Everything is connected—body, soul, and spirit. The brain, which houses our thoughts and feelings, is a physical organ. This means that improving our physical health will improve our brain health. Improved brain health means that we have the chemical and functional basis for regulating mood and anxiety. This is where nature habits and hacks come in—lifestyle patterns we can change to improve global health, including brain health.

The Way We Think

Thoughts lead and feelings follow. So often in anxiety and depression, this process is reversed. We feel sad or anxious, and we begin to believe those emotions. Then, because we believe them, we feel them even more deeply. Clinicians call this emotional reasoning because it places emotions where our reasoning faculties should be. Much of reversing this downward spiral involves identifying our thoughts and feelings, and learning to mold them into more healthy, balanced forms. 

The Way We Love

Many of our negative thoughts and feelings began with relationship problems. God created us to love and be loved, and when that purpose breaks down, so do we. Childhood trauma can give birth to negative patterns we find difficult to change. Yet with the right skill set, we can all learn better approaches to relationships. And we can come to know a God whose love “never fails” (1 Corinthians 13:8).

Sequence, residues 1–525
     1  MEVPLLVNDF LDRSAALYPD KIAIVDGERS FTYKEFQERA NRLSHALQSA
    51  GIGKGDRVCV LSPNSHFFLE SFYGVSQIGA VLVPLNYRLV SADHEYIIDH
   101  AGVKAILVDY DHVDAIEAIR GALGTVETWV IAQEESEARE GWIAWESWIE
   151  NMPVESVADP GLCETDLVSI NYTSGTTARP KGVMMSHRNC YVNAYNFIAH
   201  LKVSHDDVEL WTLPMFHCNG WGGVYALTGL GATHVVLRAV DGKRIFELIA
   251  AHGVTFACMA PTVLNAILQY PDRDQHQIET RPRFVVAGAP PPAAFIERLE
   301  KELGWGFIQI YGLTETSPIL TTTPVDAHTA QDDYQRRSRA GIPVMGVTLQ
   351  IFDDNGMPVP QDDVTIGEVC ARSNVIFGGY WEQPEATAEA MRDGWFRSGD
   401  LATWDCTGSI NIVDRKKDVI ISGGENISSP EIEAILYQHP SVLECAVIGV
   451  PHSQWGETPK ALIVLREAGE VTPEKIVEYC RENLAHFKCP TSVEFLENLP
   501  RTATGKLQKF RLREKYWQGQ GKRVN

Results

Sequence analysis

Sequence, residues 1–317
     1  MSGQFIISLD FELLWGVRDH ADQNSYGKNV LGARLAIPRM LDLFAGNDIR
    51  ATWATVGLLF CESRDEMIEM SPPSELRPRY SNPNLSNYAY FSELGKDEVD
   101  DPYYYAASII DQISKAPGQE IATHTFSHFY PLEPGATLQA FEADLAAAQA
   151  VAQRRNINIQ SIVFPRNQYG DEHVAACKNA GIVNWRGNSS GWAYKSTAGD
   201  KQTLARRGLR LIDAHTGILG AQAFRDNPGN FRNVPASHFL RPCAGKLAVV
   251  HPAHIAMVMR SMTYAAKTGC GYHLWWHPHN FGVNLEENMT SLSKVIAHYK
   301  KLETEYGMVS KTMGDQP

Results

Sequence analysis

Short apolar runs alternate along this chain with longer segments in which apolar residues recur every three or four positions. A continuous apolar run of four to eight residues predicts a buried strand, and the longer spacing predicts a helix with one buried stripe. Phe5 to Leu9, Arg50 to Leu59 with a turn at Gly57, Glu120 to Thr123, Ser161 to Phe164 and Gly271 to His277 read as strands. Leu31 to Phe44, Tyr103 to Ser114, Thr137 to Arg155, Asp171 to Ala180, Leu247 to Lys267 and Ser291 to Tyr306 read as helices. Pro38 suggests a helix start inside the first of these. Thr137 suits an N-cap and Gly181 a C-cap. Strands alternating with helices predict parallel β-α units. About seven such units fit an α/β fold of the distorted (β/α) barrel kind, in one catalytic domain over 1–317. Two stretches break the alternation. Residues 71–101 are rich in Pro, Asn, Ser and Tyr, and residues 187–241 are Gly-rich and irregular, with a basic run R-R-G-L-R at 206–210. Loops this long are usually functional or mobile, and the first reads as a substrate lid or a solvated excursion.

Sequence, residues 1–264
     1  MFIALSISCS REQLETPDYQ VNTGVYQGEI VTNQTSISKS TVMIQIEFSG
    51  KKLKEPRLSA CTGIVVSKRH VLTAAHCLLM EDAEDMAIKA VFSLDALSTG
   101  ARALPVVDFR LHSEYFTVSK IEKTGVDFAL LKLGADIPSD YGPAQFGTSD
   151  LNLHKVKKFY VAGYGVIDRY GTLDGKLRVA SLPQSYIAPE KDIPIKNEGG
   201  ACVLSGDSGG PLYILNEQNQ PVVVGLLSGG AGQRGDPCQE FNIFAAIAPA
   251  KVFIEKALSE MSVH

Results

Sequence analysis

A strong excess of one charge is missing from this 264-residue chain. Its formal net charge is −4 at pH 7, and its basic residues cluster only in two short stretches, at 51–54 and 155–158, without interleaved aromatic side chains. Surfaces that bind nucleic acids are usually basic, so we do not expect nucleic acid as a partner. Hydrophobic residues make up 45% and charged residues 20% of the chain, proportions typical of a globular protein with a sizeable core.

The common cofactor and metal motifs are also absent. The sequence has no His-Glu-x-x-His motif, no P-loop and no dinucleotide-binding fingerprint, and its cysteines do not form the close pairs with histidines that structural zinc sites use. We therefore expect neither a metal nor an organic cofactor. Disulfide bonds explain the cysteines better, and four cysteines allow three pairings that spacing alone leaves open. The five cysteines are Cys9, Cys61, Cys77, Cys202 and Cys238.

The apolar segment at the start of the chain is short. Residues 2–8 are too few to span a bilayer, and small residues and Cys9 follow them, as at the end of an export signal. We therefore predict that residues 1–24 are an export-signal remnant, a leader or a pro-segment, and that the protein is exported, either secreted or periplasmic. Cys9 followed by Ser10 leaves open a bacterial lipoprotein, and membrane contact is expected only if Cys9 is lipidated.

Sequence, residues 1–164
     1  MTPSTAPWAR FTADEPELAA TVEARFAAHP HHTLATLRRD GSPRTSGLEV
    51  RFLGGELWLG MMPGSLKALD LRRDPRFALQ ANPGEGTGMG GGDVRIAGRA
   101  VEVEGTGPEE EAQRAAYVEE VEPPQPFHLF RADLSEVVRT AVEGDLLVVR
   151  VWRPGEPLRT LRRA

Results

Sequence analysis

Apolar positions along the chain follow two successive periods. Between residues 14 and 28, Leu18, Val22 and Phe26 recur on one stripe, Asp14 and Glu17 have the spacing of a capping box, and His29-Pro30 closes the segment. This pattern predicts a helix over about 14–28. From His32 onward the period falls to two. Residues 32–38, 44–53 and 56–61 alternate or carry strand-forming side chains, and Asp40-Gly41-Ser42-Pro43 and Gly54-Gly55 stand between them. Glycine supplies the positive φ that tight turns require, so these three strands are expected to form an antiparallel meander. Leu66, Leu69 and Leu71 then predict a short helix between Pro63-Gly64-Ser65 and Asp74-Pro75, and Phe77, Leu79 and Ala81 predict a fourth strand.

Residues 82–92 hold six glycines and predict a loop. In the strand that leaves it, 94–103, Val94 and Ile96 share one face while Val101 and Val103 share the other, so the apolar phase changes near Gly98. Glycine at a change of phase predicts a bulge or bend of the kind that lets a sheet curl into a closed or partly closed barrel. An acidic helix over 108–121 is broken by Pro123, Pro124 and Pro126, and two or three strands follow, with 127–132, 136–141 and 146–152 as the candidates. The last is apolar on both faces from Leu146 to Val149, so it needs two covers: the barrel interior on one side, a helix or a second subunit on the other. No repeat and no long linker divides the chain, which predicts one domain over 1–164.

Join us . . .

Because we wish to help thousands heal from these common disorders, we are offering a FREE mini-course taken from our larger course Anxiety & Depression Relief. We have learned how to help ourselves and others. Please allow us to help you! 

You can also check out 23 Bible Verses for Depression and 8 Powerful Bible Verses to Ease Your Anxiety.


[3] Brandon May, March 15, 2018, Prevalence of Major Depressive Disorder Remains High in US Population.
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Jennifer Jill Schwirzer LPC

In 1999 Jennifer graduated summa cum laude from Atlantic Union College. She is the founder of Michael Ministries, a music/speaking/writing ministry. She has produced six CDs of her own music and given concerts in the United States, Canada, Africa, South America, and Europe. Previous books include Testimony of a Seeker, A Most Precious Message, and I Want It All. Jennifer and husband, Michael, have been married for more than 20 years and have two children, Alison and Kimberly.